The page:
European Safety Standard for T5 Retrofit Lighting.

Energys Group, supplier of ‘Save It Easy®’, has collaborated with VDE, a leading European testing house, to improve clarity and transparency surrounding retrofit lighting.

Working alongside Energys, testing house VDE has confirmed the safety standards that T5 retrofit lighting products must reach in order to comply with the Low Voltage Directive, a European law that ensures electrical equipment is safe in its intended use.

Save It Easy, a well-established technology that allows plug-in replacement of old-style fluorescent lamps with energy-efficient T5 equivalents in the same fittings, can now prove that it fully meets EU consumer safety requirements. More importantly, it establishes a clear and unambiguous benchmark against which users can check the compliance of any product in this market.

In accordance with VDE’s testing, Energys has shown that its Save It Easy product conforms to the EN (BSEN) 60598 standard required to comply with the Low Voltage Directive. Save It Easy is believed to be the only product of its kind to currently meet this standard and legitimately bear the CE mark. Energys Group, believes that Save It Easy’s compliance with the Low Voltage Directive will help customers to distinguish it from other T5 retrofit technologies.

Aidan Salter, Managing Director of Energys, comments: “We have been deeply concerned by the lack of clarity surrounding the standards set for the T5 retrofit market. We spent eight months working alongside VDE to sweep away any ambiguity in this regard. EN (BSEN) 60598 provides a clear benchmark, and consumers can now have peace of mind in knowing exactly what stringent standards are required of a T5 retrofit product such as Save It Easy.”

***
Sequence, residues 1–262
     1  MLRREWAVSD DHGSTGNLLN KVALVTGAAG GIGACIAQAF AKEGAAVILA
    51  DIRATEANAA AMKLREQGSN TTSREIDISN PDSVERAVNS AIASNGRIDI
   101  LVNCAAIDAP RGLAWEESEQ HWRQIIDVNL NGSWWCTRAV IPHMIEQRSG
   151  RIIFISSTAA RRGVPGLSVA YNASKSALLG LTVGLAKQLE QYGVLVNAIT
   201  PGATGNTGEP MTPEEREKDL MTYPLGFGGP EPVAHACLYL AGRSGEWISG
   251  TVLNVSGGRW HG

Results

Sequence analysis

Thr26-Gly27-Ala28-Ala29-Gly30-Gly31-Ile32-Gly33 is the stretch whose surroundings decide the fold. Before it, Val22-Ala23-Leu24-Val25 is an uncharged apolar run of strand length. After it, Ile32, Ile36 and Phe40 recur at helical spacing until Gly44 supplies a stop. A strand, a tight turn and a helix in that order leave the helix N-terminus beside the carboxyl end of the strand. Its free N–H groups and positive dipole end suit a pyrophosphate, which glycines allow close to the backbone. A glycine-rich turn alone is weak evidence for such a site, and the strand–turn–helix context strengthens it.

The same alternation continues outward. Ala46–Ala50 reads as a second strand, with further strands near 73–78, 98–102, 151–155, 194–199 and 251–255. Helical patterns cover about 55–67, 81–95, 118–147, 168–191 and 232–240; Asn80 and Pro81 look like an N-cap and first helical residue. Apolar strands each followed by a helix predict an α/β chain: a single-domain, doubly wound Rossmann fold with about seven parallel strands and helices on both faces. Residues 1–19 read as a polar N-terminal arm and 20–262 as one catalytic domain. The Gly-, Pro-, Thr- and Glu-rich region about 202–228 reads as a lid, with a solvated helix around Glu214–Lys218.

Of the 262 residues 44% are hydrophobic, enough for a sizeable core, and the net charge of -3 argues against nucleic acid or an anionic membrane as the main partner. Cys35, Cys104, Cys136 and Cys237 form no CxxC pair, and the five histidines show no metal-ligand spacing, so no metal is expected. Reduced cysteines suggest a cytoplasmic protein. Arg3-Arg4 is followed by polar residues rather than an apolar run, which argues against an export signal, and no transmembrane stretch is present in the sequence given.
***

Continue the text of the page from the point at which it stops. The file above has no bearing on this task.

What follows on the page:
Salter warns: “Any organisation purchasing retrofit lighting equipment that does not conform to the EN (BSEN) 60598 standard – and, therefore, cannot bear the CE mark – should be aware that they may be compromising the safety of employees and site visitors. Customers should be advised that knowingly purchasing a product that does not conform to the Low Voltage Directive is a breach of the law, and they could be subject to the expensive process of removing substandard lighting converters.”

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